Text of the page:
Richard Nikolaus Eijiro, Count of Coudenhove-Kalergi〔
* German: ''Richard Nikolaus Eijiro Graf von Coudenhove-Kalergi'' ().
* Japanese: .〕 (November 16, 1894 – July 27, 1972) was an Austrian-Japanese politician, philosopher and count of Coudenhove-Kalergi. A pioneer of European integration, he served as the founding president of the Paneuropean Union for 49 years. His parents were Heinrich von Coudenhove-Kalergi, an Austro-Hungarian diplomat, and Mitsuko Aoyama, the daughter of an oil merchant, antiques-dealer, and huge landowner family in Tokyo.〔, (chpt. (1) )〕 His childhood name in Japan was Aoyama Eijiro. He became a Czechoslovak citizen in 1919 and then took French nationality from 1939 to his death.
His first book, titled ''Pan-Europa'' was published in 1923, contained a membership form for the Pan-Europa movement. Coudenhove-Kalergi's movement held its first Congress in Vienna in 1926. In 1927 Aristide Briand was elected honorary president. Personalities attending included: Albert Einstein, Thomas Mann and Sigmund Freud.
He was the first recipient of the Charlemagne Prize in 1950. The 1972–1973 academic year at the College of Europe was named in his honour. Coudenhove-Kalergi proposed Beethoven's Ode to Joy as the music for the European Anthem. He also proposed a Europe Day, European postage stamp and so many goods for his movement (e.g. badges and pennants).〔, (p. 99 )〕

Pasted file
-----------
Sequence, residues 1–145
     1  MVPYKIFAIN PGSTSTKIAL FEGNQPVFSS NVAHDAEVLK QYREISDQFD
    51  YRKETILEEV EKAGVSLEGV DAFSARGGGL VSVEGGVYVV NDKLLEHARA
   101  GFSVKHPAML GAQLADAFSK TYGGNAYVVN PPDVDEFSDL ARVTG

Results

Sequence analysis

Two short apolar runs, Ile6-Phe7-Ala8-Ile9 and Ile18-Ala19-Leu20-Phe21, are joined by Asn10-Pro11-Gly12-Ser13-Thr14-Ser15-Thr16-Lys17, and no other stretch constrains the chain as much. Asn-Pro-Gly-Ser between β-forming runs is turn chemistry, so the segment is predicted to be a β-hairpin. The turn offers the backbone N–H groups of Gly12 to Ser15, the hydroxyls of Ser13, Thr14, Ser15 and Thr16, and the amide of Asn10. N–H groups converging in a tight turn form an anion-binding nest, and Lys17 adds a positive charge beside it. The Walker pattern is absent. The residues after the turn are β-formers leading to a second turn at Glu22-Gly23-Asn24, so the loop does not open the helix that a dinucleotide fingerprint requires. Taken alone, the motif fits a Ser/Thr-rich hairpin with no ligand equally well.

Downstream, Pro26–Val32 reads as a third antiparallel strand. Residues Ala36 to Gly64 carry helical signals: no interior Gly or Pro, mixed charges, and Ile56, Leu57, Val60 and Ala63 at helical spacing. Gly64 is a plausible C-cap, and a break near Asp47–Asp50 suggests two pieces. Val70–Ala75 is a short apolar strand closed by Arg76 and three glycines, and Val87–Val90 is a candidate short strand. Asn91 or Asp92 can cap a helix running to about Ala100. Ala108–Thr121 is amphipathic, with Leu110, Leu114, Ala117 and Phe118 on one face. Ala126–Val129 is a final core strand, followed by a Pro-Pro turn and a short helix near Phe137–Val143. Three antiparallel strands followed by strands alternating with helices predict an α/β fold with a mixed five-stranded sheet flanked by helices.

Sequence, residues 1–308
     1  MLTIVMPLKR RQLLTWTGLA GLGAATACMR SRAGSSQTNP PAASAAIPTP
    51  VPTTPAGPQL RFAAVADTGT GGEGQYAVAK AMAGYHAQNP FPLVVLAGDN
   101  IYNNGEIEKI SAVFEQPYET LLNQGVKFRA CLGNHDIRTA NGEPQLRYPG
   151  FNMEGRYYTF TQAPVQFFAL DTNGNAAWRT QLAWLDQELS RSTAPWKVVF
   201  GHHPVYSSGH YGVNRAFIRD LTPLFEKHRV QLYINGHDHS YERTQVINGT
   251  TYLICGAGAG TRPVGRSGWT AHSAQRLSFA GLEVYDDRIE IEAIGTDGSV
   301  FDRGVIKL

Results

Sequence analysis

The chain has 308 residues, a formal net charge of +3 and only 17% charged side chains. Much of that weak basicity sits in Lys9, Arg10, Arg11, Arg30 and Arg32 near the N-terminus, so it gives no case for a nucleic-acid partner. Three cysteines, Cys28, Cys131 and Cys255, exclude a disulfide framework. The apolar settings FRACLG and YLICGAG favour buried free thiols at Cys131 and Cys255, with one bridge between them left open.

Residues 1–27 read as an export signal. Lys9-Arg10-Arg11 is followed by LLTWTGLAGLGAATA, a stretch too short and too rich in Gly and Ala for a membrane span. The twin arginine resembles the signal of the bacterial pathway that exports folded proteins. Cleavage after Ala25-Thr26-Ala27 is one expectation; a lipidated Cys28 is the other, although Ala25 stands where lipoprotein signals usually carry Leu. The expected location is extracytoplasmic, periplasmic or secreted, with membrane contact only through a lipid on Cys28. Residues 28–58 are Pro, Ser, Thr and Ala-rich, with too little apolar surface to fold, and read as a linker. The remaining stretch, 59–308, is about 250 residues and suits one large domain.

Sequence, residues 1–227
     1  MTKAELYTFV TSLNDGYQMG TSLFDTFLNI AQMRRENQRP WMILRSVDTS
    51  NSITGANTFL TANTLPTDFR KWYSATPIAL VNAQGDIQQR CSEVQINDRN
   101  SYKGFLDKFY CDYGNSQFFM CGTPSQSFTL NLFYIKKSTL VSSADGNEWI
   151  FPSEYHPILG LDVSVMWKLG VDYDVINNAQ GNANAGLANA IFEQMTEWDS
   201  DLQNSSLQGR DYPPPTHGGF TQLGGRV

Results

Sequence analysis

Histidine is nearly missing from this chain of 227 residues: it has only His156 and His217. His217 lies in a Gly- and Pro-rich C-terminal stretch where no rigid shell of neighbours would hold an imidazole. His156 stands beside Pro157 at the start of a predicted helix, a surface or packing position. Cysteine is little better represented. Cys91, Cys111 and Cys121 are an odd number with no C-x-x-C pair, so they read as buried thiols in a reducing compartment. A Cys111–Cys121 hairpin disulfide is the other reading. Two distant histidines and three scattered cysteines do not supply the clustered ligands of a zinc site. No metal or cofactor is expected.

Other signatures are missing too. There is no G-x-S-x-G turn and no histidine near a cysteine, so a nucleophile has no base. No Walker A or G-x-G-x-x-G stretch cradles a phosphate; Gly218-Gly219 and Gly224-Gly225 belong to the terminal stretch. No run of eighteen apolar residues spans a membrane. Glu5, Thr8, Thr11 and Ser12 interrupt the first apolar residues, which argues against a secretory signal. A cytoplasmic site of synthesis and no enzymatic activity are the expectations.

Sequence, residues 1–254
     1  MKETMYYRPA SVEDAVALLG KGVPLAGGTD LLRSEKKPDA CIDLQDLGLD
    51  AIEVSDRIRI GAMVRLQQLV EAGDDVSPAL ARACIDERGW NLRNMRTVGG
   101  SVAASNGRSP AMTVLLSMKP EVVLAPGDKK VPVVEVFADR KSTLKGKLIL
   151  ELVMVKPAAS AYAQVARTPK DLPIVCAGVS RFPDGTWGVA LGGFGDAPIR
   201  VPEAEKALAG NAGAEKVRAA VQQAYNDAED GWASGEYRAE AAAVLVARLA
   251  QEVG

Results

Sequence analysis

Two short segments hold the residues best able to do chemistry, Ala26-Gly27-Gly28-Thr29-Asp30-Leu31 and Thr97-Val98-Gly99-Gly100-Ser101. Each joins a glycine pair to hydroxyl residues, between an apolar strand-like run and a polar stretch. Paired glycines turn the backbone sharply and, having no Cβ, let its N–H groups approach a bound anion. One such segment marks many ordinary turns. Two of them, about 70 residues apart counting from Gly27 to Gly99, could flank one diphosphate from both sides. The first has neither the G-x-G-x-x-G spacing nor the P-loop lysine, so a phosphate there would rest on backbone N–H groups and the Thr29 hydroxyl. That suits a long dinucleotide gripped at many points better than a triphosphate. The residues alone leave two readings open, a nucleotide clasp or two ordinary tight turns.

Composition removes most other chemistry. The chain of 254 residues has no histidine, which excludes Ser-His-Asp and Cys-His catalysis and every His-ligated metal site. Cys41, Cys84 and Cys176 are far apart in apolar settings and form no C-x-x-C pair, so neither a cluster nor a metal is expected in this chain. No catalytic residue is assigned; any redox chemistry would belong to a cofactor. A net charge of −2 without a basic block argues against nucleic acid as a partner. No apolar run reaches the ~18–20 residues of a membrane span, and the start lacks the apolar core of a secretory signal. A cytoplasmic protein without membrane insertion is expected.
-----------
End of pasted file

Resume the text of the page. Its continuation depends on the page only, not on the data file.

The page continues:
Richard Coudenhove-Kalergi was the second son of Heinrich Coudenhove-Kalergi (1859–1906), an Austro-Hungarian count and diplomat of mixed European origin, and Mitsuko Aoyama (1874–1941). His father, who spoke sixteen languages and embraced travel as the only means of prolonging life, had prematurely abandoned a career in the Austrian diplomatic service that took him to Athens, Constantinople, Rio de Janeiro, and Tokyo, to devote himself to study and writing.
Coudenhove-Kalergi's parents met when the future countess helped the Austro-Hungarian diplomat stationed in Japan after he fell off a horse. In commenting on their union, Whittaker Chambers described the future originator of Pan-Europe as "practically a Pan-European organization himself". He elaborated: "The Coudenhoves were a wealthy Flemish family that fled to Austria during the French Revolution. The Kalergis were a wealthy Greek family from Crete. The line has been further crossed with Poles, Norwegians, Balts, French and Germans, but since the families were selective as well as cosmopolite, the hybridization has been consistently successful." The Kalergis family roots trace to the Byzantine royalty via Venetian aristocracy, connecting with the Phokas imperial dynasty. In 1300, Coudenhove-Kalergi's ancestor Alexios Phokas-Kalergis signed the treaty that made Crete a dominion of Venice.
During his childhood, Coudenhove-Kalergi's mother had read aloud to him ''Momotarō'' and other Japanese fairy tales.
抄文引用元・出典: フリー百科事典『 ウィキペディア（Wikipedia）』
■ウィキペディアで「Richard Nikolaus von Coudenhove-Kalergi」の詳細全文を読む